Education Law Center
Newsletter | February 2015
Are We Closing the School Discipline Gap?
A new research report from UCLA's Civil Rights Project documents "gross disparities in the use of out-of-school suspension experienced by students with disabilities and those from historically disadvantaged racial, ethnic, and gender subgroups." Two Pennsylvania districts, Woodland Hills and York City, were on the list for the highest-suspending districts for elementary school students, suspending 23.8 percent and 20.9 percent of elementary students respectively, compared to a statewide suspension rate of 2 percent. 

These findings echo ELC's own research in Pennsylvania. The U.S. Department of Justice is currently investigating these disparities, based on ELC's federal claim, specifically for students being sent to Pennsylvania's alternative education programs.

ELC has also partnered with local school districts to bring together administrators, teachers, and staff to work with students, families, and community members to decrease suspensions and create equitable, safe schools for all students. Read about our recent efforts in Pittsburgh to reduce school suspensions featured on the front page of the Pittsburgh Post-Gazette and quoting ELC attorney Nancy Potter.

CFEF Releases Formula Proposal 

The Campaign for Fair Education Funding this week proposed a student-driven funding formula for basic education that strategically directs resources to students and school districts with the greatest needs and provides the investment necessary to enable every child to succeed academically.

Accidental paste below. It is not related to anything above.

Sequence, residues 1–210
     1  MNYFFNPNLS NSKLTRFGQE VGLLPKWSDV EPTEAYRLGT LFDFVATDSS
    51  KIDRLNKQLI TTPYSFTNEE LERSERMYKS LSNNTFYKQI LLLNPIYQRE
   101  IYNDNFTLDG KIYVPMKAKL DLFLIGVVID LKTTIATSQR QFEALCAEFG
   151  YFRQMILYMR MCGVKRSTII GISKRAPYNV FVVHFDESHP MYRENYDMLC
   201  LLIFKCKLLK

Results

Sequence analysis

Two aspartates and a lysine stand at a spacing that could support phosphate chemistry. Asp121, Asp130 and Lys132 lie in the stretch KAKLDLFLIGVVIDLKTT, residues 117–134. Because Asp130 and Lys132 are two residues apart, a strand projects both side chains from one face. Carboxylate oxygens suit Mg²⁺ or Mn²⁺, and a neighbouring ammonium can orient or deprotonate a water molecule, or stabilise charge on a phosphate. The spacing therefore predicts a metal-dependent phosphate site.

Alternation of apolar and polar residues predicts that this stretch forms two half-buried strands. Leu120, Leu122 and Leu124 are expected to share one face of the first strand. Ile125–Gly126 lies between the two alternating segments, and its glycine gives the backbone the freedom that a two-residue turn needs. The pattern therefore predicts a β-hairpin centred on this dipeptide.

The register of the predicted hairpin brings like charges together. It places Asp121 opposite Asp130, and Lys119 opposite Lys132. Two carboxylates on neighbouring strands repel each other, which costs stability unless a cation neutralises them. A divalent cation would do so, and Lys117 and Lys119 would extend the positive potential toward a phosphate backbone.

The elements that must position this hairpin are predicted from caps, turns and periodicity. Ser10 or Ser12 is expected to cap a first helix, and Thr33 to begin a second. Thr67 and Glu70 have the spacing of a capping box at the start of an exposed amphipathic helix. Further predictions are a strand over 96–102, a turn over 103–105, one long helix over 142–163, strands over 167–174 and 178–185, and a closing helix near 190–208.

The Campaign's proposed formula could boost student outcomes in all parts of the state by helping to close funding shortfalls, improve equity, and ensure accountability and efficiency.

Join Us in Court on March 11th
On Wednesday, March 11th at 9:30 a.m., the Commonwealth Court of Pennsylvania will hear oral arguments in our school funding lawsuit which challenges the legislature's failure to adequately support and maintain Pennsylvania's public school system.

This historic case, which the Education Law Center filed with the Public Interest Law Center of Philadelphia and pro bono counsel O'Melveny & Meyers, asks the Court to ensure that all students -- including those living in low-wealth districts -- have the basic resources they need to meet state academic standards.

Please come and support us as we fight for vulnerable students and all public school students across the state. The hearing will be held at the Pennsylvania Judicial Center, 601 Commonwealth Avenue, Courtroom 5001 in Harrisburg, PA. If you plan to attend or have questions, contact Spencer Malloy at [email protected]. (The courtroom is walking distance from the Harrisburg Amtrak Station.)
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